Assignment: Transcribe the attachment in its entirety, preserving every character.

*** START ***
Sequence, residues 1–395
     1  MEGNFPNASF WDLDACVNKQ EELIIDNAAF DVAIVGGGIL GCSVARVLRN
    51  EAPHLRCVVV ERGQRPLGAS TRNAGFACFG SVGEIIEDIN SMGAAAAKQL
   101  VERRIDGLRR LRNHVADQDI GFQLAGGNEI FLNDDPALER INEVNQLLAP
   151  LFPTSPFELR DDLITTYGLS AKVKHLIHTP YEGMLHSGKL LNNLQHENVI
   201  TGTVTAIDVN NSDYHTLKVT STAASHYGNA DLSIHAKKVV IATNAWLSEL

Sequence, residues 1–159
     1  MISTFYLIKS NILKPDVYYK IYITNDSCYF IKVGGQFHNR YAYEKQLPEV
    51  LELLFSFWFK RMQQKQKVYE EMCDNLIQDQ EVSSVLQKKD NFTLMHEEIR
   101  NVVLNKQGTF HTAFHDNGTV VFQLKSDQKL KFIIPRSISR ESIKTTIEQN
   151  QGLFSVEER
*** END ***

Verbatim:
Sequence, residues 1–395
     1  MEGNFPNASF WDLDACVNKQ EELIIDNAAF DVAIVGGGIL GCSVARVLRN
    51  EAPHLRCVVV ERGQRPLGAS TRNAGFACFG SVGEIIEDIN SMGAAAAKQL
   101  VERRIDGLRR LRNHVADQDI GFQLAGGNEI FLNDDPALER INEVNQLLAP
   151  LFPTSPFELR DDLITTYGLS AKVKHLIHTP YEGMLHSGKL LNNLQHENVI
   201  TGTVTAIDVN NSDYHTLKVT STAASHYGNA DLSIHAKKVV IATNAWLSEL

Sequence, residues 1–159
     1  MISTFYLIKS NILKPDVYYK IYITNDSCYF IKVGGQFHNR YAYEKQLPEV
    51  LELLFSFWFK RMQQKQKVYE EMCDNLIQDQ EVSSVLQKKD NFTLMHEEIR
   101  NVVLNKQGTF HTAFHDNGTV VFQLKSDQKL KFIIPRSISR ESIKTTIEQN
   151  QGLFSVEER